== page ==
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September 20, 1956 - Image 8

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Text
Publication:
Michigan Daily, 1956-09-20

Disclaimer: Computer generated plain text may have errors. Read more about this.

, ,

PAGE, EIGHT

THE MICHIGAN DAILY

THURSDAY, SEPTEMBER M. 1q;R

PAGE EIGHT THE MICHIGAN DAILY THTUflSDAY, SEPTEMBER 20. I9~

Asia Culture
Study Asked
ByEducator
By DONNA HANSON
Chih Meng, arector of the China
Institute in America, located in
New York, thinks there should be
more women in the United States
legislature.
"In Formosa," he said, "there is
a law which makes it mandatory
that one out of every ten persons
j elected to the legislature should be
a woman. Women in the family
and community have, half voice,
why not in the legislature? he
asked sagely.
Meng, however, did not journey
to Ann Arbor to comment on
equality of woman, but rather to
attend a conference designed to
promote Asian culture among the
teaching professions. This type of
promotion coincides closely with
Meng's work in the Institute which
mainly offers- courses to teachers
of Chinese history and culture.
The Institute also administers
scholarships and fellowships and
aids in job placements for Chinese
visiting professionals and students
in this country.
"Since 1950 we have placed more
than 600 Chinese scholars in Am-
erican faculties," Meng noted,
"particularly escapees from Com-
munist China."
An important purpose of the Ann
Arbor conference which Meng at-
tended is to get. foundations and
institutions interested in giving
courses on Asian cultures. "The
plan is to offer courses on a broad
survey on Asian nations and then
branch out to specializations,"
Meng explained. "We mainly want
to inform people about this cul-
ture."
Meng said that the conference
will try and accomplish this by
first appointing a committee to
raise money and engage universi-
ties to give summer programs, and
then broaden out to giving regular
courses during the year.
While visiting the campus, Meng
"paid my respects" to University
President Harlan Hatcher.
"President Hatcher," he observ-
ed, "has a winning personality and
his observations on free China and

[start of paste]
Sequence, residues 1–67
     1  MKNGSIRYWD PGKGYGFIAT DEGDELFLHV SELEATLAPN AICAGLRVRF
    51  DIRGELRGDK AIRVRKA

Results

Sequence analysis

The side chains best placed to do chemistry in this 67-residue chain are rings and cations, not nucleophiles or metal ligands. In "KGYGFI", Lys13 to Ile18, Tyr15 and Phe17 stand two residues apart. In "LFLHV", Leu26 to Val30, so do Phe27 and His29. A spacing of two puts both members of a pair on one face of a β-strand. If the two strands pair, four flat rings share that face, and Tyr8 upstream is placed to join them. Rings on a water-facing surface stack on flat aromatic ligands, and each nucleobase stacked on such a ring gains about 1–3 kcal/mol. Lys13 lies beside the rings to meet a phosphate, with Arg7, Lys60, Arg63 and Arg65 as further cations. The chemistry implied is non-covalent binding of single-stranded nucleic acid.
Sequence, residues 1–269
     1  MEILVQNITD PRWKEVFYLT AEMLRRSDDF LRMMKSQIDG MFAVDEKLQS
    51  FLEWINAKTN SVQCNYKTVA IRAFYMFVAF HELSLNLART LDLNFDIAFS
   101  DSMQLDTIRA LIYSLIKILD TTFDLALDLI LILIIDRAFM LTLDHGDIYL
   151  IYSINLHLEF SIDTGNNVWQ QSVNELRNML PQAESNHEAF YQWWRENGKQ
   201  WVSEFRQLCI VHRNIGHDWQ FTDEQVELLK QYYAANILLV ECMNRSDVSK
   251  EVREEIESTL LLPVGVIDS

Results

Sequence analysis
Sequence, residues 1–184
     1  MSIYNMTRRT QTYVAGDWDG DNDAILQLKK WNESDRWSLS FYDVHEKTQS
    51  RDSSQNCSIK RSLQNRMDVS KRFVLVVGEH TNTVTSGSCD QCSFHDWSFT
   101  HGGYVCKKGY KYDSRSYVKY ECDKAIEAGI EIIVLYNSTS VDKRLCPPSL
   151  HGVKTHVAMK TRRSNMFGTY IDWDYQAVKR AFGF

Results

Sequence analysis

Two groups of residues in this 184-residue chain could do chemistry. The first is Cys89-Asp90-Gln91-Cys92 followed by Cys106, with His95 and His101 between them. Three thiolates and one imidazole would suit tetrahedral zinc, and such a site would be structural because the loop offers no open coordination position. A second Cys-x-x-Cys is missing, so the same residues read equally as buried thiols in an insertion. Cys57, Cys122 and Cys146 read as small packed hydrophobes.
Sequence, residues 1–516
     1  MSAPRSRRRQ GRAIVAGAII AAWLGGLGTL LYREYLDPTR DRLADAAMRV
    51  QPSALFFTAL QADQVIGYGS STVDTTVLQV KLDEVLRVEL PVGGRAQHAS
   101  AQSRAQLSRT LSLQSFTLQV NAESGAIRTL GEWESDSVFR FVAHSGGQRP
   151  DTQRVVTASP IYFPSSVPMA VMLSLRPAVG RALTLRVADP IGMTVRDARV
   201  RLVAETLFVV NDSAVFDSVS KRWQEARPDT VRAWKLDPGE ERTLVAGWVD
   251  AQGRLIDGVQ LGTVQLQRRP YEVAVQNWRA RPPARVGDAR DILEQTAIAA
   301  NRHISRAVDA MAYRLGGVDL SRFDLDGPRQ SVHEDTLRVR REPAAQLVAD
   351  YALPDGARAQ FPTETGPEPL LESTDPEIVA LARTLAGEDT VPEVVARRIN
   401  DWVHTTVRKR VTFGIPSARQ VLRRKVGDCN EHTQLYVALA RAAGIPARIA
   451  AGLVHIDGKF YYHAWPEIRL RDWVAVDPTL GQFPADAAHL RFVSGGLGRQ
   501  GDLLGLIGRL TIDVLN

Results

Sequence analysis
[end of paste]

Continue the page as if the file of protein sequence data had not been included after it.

Formosa are very keen."

They Do It Every Time

University Band Drills
In Pre-season Sessions
By RENE GNAM we want, and get, the best ba
"Tweet, tweet, tweet, tweet; up, men."
two, three, four; HAIL . . ." Practice at Wines Field
Drum major Champ Patton's The next day, all bandsmen
familiar whistle, followed by the ported to Wines Field for m.
vigorous cadence counting of ing practice. There, under Ca
spirited bandsmen, once again der's direction, the whistle
ushers in a busy season of the drum major Patton and the ba
University of Michigan Marching twirlers, more new steps
Band. learned.
Each fall ,the band opens its During the rest of the week,
season with a "pre-band-camp." most of this week, playing rel
Dozens of auditioning new men ed "Victors," and "Varsity,"
find muscles they never knew they the fingering or sticking bec
had as George Cavender, assistant automatic. March after Ma
conductor of University Bands, new versions and arrangen
turns drill master of both old and were learned, memorized,
new men. played to perfection.
At pre-band-camp, spirit is Results of pre-band camp tr
stressed. "Spirit is as much a ing will be exhibited Septembe
necessity to the success of a band as the Michigan Marching E
as the ability to play or march shows its form in the first of
well," Conductor William D. Re- playing dates.
velli asserts. Both Revelli and
Cavender instill a spirit in each
bandsman that shows up constant- Only Two More
ly on football Saturdays.
Teach Marching Form Weeks to Register-

L.

t

-Daily-Vern. Soden
BOY MEETS BLIND DATE-Forlorne freshman gazes at his
"date" for the evening, "Caroline Tower," who appeared at the
rendezvous with bells on. The unfortunate gentleman was taken
in by the old gag whereby he was fixed up with Burton Tower as
his date for the evening. Comparable to the tradition of the
engine arch, this escapade has earned this man the title of a
genuine University of Michigan freshman, cum gullible.

I

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